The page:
One of the most noticeable and universal effects of the pandemic on daily life has been the warping of time. With many working from home and the usual markers of the year taken away (work travel, vacations, holiday rituals), days and months have blended into one another.
Fashion seems to have followed suit, and as the fall ’21 women’s month kicks off with New York Fashion Week (as of Friday, though even that start date is unclear), the time warp is showing itself in the brands that are participating, those that have opted out and the ones that are technically taking part, but outside of the week — and even the month.
Just as it was for the spring ’21 season, the larger American brands such as Michael Kors, Ralph Lauren and Tory Burch are not showing during NYFW. Oscar de la Renta is scheduled for March 2; Coach and Carolina Herrera are showing on February 23 — the same day that Milan Fashion Week commences. Jason Wu and Rebecca Minkoff are the only brands confirmed to be showing with even partial physical attendance, a trend both established back in September for the spring ’21 shows.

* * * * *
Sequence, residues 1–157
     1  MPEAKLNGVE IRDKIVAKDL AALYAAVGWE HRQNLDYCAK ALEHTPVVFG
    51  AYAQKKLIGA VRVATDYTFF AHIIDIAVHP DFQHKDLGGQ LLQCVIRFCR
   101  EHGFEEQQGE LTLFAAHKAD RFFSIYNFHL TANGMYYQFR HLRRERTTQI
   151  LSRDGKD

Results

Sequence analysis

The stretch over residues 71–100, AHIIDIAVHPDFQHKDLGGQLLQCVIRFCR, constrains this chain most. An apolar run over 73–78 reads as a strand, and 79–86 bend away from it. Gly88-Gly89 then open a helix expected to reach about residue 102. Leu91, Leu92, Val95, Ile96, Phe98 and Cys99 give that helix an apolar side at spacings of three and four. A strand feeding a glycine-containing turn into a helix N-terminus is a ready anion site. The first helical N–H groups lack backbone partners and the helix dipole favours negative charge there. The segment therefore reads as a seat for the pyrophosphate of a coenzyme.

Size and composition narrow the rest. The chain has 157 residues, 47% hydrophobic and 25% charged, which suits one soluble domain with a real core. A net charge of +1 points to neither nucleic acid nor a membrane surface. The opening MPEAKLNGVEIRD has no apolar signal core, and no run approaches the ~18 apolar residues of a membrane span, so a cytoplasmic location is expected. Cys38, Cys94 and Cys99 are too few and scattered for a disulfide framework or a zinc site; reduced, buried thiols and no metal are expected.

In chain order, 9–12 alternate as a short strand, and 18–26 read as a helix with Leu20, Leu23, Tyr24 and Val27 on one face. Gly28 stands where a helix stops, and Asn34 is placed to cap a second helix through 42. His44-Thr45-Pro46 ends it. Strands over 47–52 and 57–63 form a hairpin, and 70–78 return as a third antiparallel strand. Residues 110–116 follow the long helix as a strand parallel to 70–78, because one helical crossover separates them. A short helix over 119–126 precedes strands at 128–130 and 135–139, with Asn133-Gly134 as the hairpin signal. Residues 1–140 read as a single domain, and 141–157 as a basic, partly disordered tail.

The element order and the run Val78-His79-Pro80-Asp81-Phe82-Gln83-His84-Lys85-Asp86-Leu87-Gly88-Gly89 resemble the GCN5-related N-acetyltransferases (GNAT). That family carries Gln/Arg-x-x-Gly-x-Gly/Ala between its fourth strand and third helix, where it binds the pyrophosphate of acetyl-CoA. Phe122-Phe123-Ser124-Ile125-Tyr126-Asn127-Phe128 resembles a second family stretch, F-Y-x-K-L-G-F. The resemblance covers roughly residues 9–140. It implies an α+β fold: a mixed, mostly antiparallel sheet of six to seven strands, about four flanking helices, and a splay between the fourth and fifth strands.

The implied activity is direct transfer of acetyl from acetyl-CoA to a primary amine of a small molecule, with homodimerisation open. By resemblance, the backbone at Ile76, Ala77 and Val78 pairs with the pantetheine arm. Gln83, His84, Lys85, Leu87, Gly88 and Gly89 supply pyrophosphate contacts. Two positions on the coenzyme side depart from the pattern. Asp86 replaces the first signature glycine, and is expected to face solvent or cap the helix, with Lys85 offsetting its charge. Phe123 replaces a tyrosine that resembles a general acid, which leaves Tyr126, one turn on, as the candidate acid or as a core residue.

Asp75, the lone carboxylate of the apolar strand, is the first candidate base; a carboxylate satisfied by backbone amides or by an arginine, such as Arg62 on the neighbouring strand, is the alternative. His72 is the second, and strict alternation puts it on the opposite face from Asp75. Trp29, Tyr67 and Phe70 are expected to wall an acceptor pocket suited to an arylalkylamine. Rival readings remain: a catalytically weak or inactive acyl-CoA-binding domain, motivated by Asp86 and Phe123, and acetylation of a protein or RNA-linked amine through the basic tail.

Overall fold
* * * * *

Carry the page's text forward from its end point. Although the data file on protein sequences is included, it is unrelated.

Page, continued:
There has always been some confusion surrounding the NYFW calendar, as the Council of Fashion Designers of America (CFDA) and IMG have refused to combine forces and create one authoritative schedule, as has long been established in London, Milan and Paris. Attendees still have to cross-reference calendars of both organizations to ensure that a designer is not passed over; meanwhile, each season more and more brands were showing a few days before the official start.
Relativity of time is not just a NYFW issue: Just as the week was kicking off, Victoria Beckham debuted her fall ’21 collection, a full seven days before the start of London Fashion Week, where the designer has shown since 2018 (before that she participated in NYFW, launching her line in the city in 2008).
The CFDA calendar also includes American designers who typically show during Paris Fashion Week; brands like Rick Owens (slated for March 4), Altuzarra (March 6) and Thom Browne (March 7), furthering the ambiguity of geographical location.
The mixing of locales, dates and general realms reinforces the pandemic’s time warp, but it also questions the significance of these details. If fashion month is digital, does it matter if a brand shows in New York, London, Milan or Paris? Or Stockholm, Tokyo or Lagos? Currently, the virtual reality is that it does not.